The Sport Information Resource Centre
The Sport Information Resource Centre
Moms Got Game poster with woman stretching before a run.

My first memory of sport and physical activity as a child was with my grandmother, Wallie. We played badminton in the front yard, on a sunny day in the summer of 1994. She wasn’t training me to become a future Olympian. It was just pure fun.

I’m not alone. Everyone who knew Wallie has a memory just like it. She inspired her 14 children and dozens of grandchildren with her love of sport and physical activity – she played sports (although not organized ones) and tried to stay active throughout her life. I still don’t know how she did it. My grandmother had game, my mom has it too – and I’m grateful for that.

Many people have a story like this, of a mom or other strong female role model in their lives who inspired them through active living. Today, to celebrate International Women’s Day SIRC is launching the new Mom’s Got Game campaign, with funding from the Government of Canada. Starting today and leading up to Mother’s Day, we are celebrating, encouraging, and supporting moms of school-aged children to play sport and be active.

Informed by research and evidence, this is a campaign that:

  • Celebrates moms who are physically active or playing sport at any level, in any capacity. Whether it’s active walks or rolls, winter jogs, backyard snowball fights, or living room yoga. When mom participates, that’s what matters – and it’s worth celebrating.
  • Affirms that mom’s engagement in physical activity matters. Participation in sport and physical activity improves moms’ physical and mental health, provides an opportunity for personally fulfilling goals, and supports them in being good and healthy parents (SIRC, 2020). In addition, research shows mom’s engagement in physical activity is also directly linked to an active family culture, getting the whole family active (Canadian Women & Sport, 2020).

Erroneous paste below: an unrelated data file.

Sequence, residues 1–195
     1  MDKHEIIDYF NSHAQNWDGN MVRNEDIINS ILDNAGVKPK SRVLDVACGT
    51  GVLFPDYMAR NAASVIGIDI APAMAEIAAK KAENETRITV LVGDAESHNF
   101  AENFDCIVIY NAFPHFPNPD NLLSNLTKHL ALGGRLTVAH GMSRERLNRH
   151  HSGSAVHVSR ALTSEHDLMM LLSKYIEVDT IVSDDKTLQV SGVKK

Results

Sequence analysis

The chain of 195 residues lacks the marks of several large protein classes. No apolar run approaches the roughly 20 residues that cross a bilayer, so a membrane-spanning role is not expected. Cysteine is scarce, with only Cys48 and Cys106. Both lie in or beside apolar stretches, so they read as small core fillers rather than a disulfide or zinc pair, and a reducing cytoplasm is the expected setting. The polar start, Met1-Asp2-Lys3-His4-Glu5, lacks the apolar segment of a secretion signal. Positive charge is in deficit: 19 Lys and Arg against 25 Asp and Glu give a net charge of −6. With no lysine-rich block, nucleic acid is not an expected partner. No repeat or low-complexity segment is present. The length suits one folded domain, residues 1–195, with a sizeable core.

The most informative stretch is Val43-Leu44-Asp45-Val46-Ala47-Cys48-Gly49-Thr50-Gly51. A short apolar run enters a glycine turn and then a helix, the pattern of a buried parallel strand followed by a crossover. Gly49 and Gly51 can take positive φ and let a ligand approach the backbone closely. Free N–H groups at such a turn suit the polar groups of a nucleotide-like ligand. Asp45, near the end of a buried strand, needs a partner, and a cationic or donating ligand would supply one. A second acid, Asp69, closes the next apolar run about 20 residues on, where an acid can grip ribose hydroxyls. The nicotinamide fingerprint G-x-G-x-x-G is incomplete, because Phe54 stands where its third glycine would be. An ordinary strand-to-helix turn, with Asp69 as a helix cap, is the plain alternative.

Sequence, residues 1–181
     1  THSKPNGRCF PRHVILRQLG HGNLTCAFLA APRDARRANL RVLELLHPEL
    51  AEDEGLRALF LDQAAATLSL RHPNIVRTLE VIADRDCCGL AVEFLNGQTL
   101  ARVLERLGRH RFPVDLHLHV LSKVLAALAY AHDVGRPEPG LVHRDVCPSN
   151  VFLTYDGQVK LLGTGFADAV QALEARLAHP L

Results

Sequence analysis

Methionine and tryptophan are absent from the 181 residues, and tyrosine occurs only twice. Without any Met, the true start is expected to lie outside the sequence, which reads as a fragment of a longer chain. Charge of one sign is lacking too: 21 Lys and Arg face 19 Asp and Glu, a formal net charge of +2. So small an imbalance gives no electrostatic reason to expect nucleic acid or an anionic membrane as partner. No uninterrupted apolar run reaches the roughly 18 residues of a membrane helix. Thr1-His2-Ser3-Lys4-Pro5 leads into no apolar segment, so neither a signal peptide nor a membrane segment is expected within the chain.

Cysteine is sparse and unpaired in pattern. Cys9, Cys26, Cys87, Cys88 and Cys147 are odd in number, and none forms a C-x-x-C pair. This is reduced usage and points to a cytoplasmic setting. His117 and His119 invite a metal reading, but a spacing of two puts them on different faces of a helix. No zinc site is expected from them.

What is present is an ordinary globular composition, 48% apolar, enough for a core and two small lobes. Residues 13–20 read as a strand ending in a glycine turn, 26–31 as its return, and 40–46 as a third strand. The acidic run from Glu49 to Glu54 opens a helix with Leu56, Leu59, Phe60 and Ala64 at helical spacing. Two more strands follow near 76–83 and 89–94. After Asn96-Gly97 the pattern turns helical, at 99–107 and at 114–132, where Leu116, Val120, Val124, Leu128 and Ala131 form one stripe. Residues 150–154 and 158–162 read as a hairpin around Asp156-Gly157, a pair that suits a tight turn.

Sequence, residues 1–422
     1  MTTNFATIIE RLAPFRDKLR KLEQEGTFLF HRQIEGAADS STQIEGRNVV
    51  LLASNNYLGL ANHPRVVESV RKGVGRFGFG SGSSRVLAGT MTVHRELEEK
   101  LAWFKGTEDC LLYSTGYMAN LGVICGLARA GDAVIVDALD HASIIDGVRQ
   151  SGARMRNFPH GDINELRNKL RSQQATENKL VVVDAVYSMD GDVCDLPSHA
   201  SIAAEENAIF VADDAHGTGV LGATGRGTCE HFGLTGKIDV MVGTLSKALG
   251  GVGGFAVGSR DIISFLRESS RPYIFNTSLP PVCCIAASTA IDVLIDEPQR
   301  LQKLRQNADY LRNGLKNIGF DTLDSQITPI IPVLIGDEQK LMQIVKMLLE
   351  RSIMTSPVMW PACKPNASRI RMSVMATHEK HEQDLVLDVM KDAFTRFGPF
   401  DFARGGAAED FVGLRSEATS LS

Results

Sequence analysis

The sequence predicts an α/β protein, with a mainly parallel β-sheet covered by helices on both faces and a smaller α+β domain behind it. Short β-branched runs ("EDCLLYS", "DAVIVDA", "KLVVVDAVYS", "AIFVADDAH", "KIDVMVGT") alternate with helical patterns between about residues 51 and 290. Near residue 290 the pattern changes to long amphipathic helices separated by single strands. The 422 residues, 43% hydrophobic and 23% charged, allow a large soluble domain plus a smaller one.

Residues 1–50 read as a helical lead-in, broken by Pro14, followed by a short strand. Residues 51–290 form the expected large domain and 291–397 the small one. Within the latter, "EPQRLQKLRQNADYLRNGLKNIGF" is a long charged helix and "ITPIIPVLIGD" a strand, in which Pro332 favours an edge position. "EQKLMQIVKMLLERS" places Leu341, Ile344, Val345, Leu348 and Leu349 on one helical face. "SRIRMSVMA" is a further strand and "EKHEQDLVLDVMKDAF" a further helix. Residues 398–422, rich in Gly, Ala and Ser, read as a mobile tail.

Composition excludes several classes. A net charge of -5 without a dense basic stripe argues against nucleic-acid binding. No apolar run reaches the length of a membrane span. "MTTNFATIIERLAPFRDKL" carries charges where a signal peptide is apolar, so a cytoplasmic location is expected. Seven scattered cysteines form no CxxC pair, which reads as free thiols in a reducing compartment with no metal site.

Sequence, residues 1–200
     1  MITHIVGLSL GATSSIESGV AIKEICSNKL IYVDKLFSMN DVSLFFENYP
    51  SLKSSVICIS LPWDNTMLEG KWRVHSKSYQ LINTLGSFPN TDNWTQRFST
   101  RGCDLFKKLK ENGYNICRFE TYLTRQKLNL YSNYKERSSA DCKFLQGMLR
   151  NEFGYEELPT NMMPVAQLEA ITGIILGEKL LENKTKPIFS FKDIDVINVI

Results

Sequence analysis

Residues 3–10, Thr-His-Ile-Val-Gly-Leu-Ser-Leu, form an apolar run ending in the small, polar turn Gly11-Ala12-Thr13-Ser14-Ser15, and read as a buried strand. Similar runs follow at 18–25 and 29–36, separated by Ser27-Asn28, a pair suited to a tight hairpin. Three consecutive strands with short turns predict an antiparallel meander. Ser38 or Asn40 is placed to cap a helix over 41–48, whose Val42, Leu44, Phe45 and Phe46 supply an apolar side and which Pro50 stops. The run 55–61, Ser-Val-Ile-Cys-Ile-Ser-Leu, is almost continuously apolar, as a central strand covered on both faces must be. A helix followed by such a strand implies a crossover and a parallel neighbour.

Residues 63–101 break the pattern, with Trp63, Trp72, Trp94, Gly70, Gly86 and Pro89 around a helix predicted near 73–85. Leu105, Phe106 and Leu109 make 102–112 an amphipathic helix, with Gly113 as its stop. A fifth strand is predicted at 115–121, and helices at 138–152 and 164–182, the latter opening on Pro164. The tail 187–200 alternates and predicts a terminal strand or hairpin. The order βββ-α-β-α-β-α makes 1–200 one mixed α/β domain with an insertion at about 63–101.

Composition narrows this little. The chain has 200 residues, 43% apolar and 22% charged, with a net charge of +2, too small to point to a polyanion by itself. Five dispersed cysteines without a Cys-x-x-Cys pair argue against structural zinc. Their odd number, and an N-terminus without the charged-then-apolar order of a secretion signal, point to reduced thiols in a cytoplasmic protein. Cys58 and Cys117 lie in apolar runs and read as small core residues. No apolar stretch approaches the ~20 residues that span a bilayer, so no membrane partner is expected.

• Acknowledges the significant barriers and challenges preventing many moms from being active, including managing the demands of work, family and personal time; responsibilities for child care; and limited opportunities to participate in appropriate sports or competition levels (SIRC, 2020).
  • Encourages moms’ support system (her family) to understand these barriers, and recognize the important role they play in helping mom overcome them. Especially moms’ partners.

This campaign is not a guideline, nor is it a challenge. It is a celebration of moms, and everything they do. And it is a call to action for us all to support moms who are leading active lives or seeking to start.

Share Your Story

So, how about the mom in your life? How does mom stay active and inspire you to do the same?  Is it trying a sport for the first time; having fun throughout the years; or training hard and celebrating with family and friends? In the absence of organized sport due to COVID-19, has a new favourite activity emerged? (Living room workouts, anyone?)

I’ve shared my story, and I encourage you to share yours through SIRC’s campaign microsite – see details here – and be part of the #MomsGotGame movement!


About the Author(s)

Peter Morrow is SIRC’s Knowledge Mobilization and Communications Specialist, leading innovative campaigns to advance sport and physical activity in Canada. He is a multi-sport athlete who loves soccer, hockey and rugby.

References

Canadian Women & Sport (2020). The rally report: Encouraging action to improve sport for women and girls. https://womenandsport.ca/resources/research-insights/rally-report/

Sport Information Resource Centre (2020). The #MomsGotGame campaign: What the research says about mom’s participation in physical activity and sport. https://sirc.ca/momsgotgame/what-the-research-says/